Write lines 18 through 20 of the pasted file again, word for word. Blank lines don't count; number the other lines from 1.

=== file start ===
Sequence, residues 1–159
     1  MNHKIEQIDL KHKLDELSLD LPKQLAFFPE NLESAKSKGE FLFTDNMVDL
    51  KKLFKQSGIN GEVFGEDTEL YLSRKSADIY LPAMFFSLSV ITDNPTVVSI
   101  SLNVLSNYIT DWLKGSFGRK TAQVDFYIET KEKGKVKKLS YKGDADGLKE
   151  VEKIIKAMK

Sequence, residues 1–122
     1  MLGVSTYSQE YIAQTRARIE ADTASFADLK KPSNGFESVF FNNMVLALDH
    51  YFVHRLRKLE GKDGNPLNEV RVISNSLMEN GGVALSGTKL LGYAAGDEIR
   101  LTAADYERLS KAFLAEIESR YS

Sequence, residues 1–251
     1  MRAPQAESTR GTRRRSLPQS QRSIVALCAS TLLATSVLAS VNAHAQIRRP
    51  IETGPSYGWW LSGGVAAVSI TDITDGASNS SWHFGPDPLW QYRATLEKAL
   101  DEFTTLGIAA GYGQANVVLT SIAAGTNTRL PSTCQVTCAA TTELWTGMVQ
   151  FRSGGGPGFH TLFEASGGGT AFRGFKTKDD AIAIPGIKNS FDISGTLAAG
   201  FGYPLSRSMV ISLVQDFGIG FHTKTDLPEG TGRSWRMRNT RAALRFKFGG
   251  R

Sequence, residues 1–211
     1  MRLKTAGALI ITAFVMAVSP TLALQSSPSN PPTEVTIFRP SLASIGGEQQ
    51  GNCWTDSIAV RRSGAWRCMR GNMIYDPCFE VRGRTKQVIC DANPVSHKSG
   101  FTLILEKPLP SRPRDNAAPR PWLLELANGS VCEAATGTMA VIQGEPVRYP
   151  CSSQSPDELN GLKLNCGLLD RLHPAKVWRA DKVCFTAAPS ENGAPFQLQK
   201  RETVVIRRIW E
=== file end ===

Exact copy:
     1  MRLKTAGALI ITAFVMAVSP TLALQSSPSN PPTEVTIFRP SLASIGGEQQ
    51  GNCWTDSIAV RRSGAWRCMR GNMIYDPCFE VRGRTKQVIC DANPVSHKSG
   101  FTLILEKPLP SRPRDNAAPR PWLLELANGS VCEAATGTMA VIQGEPVRYP